This past Sunday, the group played to a thin but attentive crowd at Atwood’s at the end of a holiday week, seamlessly maneuvering from originals to interpretations, including a sublime take on the Beatles’ “Michelle.” (Brewer has a side project called Eleanor Bigsby, which does instrumental Beatles covers; it opened for Lake Street Dive earlier this week at the Sinclair.)
For his forthcoming album, Brewer enlisted Kimon Kirk to produce, drawing on the veteran local musician’s long history playing with some of the scene’s luminaries (Session Americana, Will Dailey, Dietrich Strause). In both trio and solo settings, they recorded at Dimension Sound in Jamaica Plain with an emphasis on making a strong album regardless of its financial prospects.
“More than anything I’ve done, I’m most proud of this album we just tracked,” Brewer says. “It’s interesting: There’s no real plan for it. I don’t have someone lined up to put it out.”
Having admired Brewer’s work for the past several years, Kirk was eager to work with him and sees his latest as a major step forward.
“The songwriting is what makes this record different from the other ones,” Kirk says. “Lyle’s learning curve is so high. He really wants to make a record that’s an artistic statement of who he is. Not that his prior ones weren’t that. But I think he wanted to do something a bit more outside the box, which thrilled me as the producer.”
Talking with Brewer, you get the sense that he’s incredibly humble. He counters compliments with an impassioned, “Thanks, man,” as if he’s rarely praised. He’s aware of his strong work ethic and the high esteem in which he’s held – and he’s just as likely to poke holes in his ego. He’s had a stutter his whole life, and he lampoons it with a T-shirt he sells at his shows: “Luh, Luh, Luh, Luh, Lyle,” it goes on and on, to exaggerate the staggered elocution of how he’d pronounce his name.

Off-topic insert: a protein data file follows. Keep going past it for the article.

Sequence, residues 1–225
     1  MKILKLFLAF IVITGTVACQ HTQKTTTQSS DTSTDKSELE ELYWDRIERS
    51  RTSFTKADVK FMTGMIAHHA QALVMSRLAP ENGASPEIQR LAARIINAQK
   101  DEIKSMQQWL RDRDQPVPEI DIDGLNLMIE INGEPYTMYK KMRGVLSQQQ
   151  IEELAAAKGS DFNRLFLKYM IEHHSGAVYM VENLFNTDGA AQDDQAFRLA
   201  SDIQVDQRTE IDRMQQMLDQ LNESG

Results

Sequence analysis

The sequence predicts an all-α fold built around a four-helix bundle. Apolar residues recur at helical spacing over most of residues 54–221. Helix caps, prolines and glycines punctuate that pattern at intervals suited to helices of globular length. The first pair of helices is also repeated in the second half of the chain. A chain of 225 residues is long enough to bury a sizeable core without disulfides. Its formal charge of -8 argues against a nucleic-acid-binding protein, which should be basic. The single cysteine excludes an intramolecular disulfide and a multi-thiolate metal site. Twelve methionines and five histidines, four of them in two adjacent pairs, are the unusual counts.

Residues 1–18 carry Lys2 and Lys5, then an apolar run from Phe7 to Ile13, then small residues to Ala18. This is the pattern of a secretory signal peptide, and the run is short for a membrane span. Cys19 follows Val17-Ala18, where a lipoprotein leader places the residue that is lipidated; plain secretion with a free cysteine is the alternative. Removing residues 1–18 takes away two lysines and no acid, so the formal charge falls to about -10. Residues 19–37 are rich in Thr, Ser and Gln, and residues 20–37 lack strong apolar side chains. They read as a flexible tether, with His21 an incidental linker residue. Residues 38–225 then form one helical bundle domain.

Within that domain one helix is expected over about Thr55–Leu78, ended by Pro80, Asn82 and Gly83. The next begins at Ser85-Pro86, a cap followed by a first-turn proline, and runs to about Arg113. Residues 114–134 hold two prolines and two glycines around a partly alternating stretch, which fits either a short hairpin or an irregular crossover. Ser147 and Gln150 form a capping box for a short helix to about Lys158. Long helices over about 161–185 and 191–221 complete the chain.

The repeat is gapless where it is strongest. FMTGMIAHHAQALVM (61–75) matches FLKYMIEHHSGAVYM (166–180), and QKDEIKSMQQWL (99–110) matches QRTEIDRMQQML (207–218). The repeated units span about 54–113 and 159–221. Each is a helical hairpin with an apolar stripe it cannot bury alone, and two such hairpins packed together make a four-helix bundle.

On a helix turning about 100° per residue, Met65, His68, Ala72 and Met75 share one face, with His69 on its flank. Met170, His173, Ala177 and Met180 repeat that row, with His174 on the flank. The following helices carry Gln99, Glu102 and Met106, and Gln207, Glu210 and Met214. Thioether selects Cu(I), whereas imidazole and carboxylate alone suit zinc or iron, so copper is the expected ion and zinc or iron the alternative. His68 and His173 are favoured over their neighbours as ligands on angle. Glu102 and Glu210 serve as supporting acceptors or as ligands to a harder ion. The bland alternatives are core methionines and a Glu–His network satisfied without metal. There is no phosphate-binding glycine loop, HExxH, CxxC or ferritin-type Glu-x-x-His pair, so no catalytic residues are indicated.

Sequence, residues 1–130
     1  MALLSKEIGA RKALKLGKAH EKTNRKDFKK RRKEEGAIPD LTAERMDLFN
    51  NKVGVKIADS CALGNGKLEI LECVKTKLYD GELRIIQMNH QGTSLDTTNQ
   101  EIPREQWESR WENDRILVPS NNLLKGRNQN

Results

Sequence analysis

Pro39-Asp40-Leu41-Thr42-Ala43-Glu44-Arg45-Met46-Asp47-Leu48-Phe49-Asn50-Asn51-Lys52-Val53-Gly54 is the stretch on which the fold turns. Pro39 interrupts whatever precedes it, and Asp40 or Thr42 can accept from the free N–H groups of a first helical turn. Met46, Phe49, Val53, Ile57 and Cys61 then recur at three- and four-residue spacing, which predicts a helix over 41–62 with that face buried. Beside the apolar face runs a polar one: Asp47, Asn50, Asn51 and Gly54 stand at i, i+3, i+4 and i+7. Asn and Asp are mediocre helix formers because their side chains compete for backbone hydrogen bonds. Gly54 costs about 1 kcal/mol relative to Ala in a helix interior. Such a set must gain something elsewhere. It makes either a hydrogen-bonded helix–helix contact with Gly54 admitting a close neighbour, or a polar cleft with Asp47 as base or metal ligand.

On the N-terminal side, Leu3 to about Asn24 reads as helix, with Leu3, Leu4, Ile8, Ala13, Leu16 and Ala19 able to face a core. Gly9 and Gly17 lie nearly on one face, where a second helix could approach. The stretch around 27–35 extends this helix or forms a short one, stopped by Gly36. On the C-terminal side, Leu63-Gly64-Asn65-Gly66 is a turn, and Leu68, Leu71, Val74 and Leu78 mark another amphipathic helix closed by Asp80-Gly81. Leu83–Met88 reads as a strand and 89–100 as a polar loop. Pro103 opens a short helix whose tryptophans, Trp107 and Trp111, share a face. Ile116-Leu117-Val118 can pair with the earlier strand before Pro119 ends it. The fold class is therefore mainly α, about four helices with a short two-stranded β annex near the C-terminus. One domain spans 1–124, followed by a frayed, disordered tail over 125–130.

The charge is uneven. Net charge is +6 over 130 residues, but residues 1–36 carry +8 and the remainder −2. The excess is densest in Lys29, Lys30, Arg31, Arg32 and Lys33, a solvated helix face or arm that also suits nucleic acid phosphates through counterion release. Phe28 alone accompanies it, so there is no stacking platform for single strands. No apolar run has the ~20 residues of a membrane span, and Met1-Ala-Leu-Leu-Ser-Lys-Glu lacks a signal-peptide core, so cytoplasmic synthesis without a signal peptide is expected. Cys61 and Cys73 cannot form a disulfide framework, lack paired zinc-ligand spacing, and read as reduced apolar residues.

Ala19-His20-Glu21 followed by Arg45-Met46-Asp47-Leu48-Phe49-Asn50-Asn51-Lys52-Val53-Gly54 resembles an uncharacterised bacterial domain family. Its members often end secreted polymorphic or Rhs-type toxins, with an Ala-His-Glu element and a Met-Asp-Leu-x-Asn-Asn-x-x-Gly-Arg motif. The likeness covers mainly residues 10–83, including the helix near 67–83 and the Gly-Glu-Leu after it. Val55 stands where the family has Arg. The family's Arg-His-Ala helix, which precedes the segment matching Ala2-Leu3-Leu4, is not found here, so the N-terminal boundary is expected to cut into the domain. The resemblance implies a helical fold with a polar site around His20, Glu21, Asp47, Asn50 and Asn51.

“There’s a humility to his musicality that’s unusual — the word I hate to use, but it’s apt, is maturity,” Kirk says. “I don’t know if he’s always been this way, but he’s kind of a couple steps ahead most of the time.” He likens Brewer to two other noted Boston guitarists, Duke Levine and Kevin Barry: “It transcends chops and solos. For my money, Lyle is one of the best guitar players in the country. I wouldn’t say that lightly, but I believe it.”
Guitar wasn’t Brewer’s first instrument, by the way. He picked it up at age 12, but before that he rocked a mean recorder in third grade and basically played Green Day songs on it. He eventually added drums and saxophone to his repertoire, but began taking guitar seriously under the guidance of a no-nonsense but inspiring instructor named Marty Hayden. Brewer recently established the Mary Brewer Memorial Scholarship, in honor of his mother, to help guitar students take lessons with his old teacher. (More information at www.marybrewerscholarship.com.)
“I just have to play,” Brewer says. “It’s hard to talk about this stuff without coming off as corny or pretentious, but it’s freedom. It’s being able to express yourself, to become a different person. It’s such a specific experience that it’s like doing a drug or being in love with someone. There are a lot of different things you could do in life, and playing guitar is the best thing I’ve come up with.”
James Reed can be reached at email@example.com.